Are You Closing Deals, Or Closing Doors?

This week I would like to start by thanking Tina and Alice for their e-mails last week. It’s always good to get feed back from you the reader.

I sometimes sit at my laptop till two or three in the morning writing these sales training tips and quite often wonder if anybody really reads them, so when I do get some feedback it inspires me to continue each week in the believe that, if each of you can learn just one more sales skill reading this site. And that helps you to close one more deal and achieve one more sale this month. Then the whole reason for me writing this Sales Training Blog will have all been worth it.

Last week I had the privilege of training a new sales team for a resort marketer that is opening up a brand new cold line this week.

The sales team consisted of a mixture of experienced sales reps and non experienced sales reps.

Some had already been selling timeshare for many years, some were moving from telemarketing over to direct face to face sales for the first time and some had virtually no sales experience at all.

A fairly mixed bunch to say the least.

Whilst planning the weeks training I was reminded of a few things.

The longer you are in sales, the more knowledge you will gain, the harder you make the job!

Sometimes you can read so many sales books on the art of closing deals and overcoming objections that it becomes a battle of wills and the ultimate goal of the salesperson is to force his opponent (the client) into a corner where he has no other option but to buy your product, or run out of the door screaming that he felt too pressurised and needed more time to think about it.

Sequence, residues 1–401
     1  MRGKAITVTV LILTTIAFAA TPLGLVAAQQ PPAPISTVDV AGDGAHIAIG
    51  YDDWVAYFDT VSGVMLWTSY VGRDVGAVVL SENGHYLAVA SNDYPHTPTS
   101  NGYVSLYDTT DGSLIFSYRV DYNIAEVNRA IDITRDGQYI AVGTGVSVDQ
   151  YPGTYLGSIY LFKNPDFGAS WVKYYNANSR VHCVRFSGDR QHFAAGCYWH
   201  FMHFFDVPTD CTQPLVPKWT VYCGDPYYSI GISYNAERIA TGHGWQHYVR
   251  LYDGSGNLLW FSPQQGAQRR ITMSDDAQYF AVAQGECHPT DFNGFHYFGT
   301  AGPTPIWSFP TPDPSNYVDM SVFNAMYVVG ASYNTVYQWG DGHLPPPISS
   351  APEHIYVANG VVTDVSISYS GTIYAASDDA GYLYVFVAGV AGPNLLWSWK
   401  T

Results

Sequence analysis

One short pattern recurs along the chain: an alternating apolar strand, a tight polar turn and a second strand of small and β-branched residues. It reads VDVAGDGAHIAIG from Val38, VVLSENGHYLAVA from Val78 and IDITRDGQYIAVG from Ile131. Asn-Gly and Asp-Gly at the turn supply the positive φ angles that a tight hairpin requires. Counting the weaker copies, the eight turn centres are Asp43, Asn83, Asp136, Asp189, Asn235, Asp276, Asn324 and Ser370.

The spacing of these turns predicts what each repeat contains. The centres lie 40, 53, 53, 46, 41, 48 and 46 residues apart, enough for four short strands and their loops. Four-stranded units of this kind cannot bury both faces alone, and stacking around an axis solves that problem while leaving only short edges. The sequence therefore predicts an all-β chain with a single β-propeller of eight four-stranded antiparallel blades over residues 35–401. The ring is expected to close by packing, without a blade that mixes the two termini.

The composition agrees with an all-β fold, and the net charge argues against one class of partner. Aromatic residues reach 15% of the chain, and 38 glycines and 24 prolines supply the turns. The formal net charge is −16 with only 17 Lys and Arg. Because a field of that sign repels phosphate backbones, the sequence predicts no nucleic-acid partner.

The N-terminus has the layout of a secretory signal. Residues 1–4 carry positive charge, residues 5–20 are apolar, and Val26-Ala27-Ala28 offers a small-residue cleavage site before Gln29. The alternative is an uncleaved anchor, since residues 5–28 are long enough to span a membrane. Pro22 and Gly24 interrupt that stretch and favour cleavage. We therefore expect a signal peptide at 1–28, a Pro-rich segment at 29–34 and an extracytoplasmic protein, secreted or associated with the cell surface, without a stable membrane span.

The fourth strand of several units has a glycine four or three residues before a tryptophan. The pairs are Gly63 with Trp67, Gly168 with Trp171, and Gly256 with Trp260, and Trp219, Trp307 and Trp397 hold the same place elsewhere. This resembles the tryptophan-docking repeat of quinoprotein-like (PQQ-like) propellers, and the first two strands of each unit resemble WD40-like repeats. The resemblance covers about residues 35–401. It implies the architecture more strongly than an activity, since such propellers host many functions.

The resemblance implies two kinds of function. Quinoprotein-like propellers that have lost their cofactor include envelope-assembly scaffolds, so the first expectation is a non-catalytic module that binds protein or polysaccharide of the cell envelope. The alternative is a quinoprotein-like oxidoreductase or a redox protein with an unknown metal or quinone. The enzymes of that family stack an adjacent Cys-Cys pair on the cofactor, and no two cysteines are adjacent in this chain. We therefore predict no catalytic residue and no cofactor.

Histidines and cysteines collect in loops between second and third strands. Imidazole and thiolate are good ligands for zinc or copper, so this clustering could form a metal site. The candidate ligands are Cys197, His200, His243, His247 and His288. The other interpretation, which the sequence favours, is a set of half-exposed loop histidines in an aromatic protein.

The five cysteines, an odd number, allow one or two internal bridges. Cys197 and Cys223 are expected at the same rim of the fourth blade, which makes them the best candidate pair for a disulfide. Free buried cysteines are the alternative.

It doesn’t matter as long as you can boast to your fellow sales reps afterwards how you won the battle and forced your client to make a decision on the day even if it was “No!”

I remember way back in my early days being told once to imagine the sales process as like walking your clients down a long corridor. The corridor is full of doors that your clients will try to escape through and it was my job to close all the doors along the way so that the only door left open for the client to walk through was the buying door.

I never realised how wrong that analogy was back then and thought like most new people that the sales profession was a hard job and only the tough survived and made any real money.

What a relief it was when I discovered that the key to achieving more sales wasn’t about forcing your clients to do something they didn’t really want to do. It was all about helping your clients to get what they really wanted. I discovered that all I needed to do was find out through some very thorough fact finding what it was my clients really wanted, provide it within the price range they were willing to pay for it and hey presto, I had another deal.

I stopped working hard at closing my clients into making a decision on the day and started listening to what they wanted instead and guess what? My sales doubled, my closing percentage was higher than it had ever been and I was earning twice the commissions for half the work.

So the moral of this week’s lesson is: Work smart not hard. Get back to basics and start listening to what the clients want to buy instead of trying to close them into buying what you want them to buy and I promise you you’ll start closing more deals with only half the effort. Who knows you might even start to enjoy the job again.

If you there’s a particular sales skill or closing technique that you would like me to cover in future articles, or an objection that you are having a problem overcoming, leave me a comment below or drop me an e-mail.

Remember: there is no such thing as a foolish question, only a fool who doesn’t ask questions.

See you next week.

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